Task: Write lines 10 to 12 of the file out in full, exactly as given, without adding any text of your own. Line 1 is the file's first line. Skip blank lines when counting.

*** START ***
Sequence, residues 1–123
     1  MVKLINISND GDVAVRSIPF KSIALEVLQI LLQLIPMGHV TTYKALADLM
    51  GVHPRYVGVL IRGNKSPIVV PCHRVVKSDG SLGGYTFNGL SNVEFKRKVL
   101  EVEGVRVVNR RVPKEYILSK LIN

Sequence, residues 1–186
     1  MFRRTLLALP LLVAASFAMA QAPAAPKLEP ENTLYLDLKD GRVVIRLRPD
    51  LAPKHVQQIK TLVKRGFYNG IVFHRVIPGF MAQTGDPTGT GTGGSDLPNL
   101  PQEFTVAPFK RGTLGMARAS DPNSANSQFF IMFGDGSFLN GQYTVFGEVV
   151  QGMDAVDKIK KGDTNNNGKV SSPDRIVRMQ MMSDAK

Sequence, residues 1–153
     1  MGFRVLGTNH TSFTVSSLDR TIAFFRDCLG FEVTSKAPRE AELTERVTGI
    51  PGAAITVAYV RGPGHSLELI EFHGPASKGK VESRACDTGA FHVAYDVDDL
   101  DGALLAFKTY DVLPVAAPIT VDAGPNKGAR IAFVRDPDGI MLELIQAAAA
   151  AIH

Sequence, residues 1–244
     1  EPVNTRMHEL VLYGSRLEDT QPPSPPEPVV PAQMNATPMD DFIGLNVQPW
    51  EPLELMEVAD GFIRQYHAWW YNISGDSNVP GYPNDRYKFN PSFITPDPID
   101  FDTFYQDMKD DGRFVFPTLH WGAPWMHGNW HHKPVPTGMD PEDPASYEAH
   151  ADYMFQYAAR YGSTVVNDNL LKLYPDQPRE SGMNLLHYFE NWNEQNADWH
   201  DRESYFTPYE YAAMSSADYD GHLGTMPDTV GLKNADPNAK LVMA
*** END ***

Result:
Sequence, residues 1–153
     1  MGFRVLGTNH TSFTVSSLDR TIAFFRDCLG FEVTSKAPRE AELTERVTGI
    51  PGAAITVAYV RGPGHSLELI EFHGPASKGK VESRACDTGA FHVAYDVDDL